Of course, falling prices are not necessarily in-and-of themselves a bad thing – as any old consumer will tell you – since products get cheaper and cheaper with each passing day. So the run of the mill consumer might find life in Japan quite a pleasing and desirable thing, especially if that particular consumer happens to be retired and living on a fixed income derived from savings as indeed many contemporary Japanese actually are. Falling prices only really become a problem in a more general macroeconomic sense if they lead people to postpone consumption, and if this postponement becomes self-perpetuating in a way which leads prices to continually fall, as the combination of constant productivity increases and stagnant demand serve to produce perpetual oversupply. Falling prices also represent a nasty headache for policymakers since while prices go down the value of accumulated debt doesn’t, and herein lies the rub. So additional “stimulus” which doesn’t lead to increasing nominal GDP simply pushes the sovereign debt even farther along an unsustainable trajectory.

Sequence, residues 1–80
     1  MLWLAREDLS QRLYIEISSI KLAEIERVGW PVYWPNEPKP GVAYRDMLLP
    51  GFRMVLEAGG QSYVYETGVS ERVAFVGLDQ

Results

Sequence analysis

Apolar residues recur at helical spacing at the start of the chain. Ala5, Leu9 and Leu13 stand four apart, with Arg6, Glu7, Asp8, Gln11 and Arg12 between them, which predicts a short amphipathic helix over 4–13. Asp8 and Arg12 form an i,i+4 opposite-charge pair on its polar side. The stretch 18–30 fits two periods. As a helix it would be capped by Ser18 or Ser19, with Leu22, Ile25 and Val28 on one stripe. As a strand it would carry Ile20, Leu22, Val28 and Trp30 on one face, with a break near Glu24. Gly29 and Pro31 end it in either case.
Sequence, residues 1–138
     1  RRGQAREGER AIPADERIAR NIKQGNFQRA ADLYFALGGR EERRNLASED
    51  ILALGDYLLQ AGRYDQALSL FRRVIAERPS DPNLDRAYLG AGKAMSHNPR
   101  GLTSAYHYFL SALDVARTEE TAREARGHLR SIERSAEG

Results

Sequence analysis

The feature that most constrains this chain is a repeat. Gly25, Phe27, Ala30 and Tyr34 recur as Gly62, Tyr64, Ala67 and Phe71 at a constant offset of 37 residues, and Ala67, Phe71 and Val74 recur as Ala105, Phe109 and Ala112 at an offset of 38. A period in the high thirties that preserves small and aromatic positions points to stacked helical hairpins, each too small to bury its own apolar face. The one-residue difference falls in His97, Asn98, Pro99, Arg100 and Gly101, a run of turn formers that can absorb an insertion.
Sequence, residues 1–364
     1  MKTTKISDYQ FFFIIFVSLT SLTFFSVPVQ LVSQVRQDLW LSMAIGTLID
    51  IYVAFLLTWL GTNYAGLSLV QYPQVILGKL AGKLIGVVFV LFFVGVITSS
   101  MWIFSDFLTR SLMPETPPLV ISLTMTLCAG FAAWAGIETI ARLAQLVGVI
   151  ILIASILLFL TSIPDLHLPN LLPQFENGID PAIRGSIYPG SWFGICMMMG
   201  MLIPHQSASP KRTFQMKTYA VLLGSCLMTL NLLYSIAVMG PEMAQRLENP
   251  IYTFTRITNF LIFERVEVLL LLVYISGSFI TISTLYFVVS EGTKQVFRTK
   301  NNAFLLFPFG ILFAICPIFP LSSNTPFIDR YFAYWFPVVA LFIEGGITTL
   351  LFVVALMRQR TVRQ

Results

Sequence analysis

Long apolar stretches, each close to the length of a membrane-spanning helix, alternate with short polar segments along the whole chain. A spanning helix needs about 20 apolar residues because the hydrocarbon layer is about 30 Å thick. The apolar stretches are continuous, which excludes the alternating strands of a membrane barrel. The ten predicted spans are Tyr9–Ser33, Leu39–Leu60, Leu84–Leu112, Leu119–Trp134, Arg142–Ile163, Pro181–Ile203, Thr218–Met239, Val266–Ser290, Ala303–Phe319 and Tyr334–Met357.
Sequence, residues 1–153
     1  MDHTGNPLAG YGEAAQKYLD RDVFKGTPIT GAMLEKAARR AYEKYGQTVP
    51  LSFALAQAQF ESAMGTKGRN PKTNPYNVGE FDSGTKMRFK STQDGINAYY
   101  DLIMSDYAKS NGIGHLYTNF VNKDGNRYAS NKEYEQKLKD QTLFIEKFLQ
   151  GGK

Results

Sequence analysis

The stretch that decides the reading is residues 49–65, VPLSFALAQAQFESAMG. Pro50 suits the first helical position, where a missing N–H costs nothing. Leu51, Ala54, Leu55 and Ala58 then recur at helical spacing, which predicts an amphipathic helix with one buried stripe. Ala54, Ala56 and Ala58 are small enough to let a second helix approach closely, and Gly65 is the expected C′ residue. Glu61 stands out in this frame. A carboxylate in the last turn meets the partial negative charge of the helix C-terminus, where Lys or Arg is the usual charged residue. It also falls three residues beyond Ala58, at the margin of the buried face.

As everyone now recognizes and accepts Japan has a rapidly ageing population and an ageing and contracting workforce. This is the end result of several decades of very low fertility. The number of children in Japan fell to a new low in 2013, while the amount of people over 65 has reached a record high as the population ages and shrinks. This demographic background, which has really been obvious to demographers for years, has only lately come to be regarded as a significant factor in the “Japan problem” by economists. This neglect has most probably been due to the influence of a deep seated predisposition among adherents of neoclassical growth theory to think that population dynamics don’t fundamentally influence economic performance in the long run. For many years the Japan phenomenon was simply seen as a classic example of what Richard Koo terms a “balance sheet recession” wherein the need for the private sector to deleverage from excessive indebtedness leads to a form of structural under-consumption.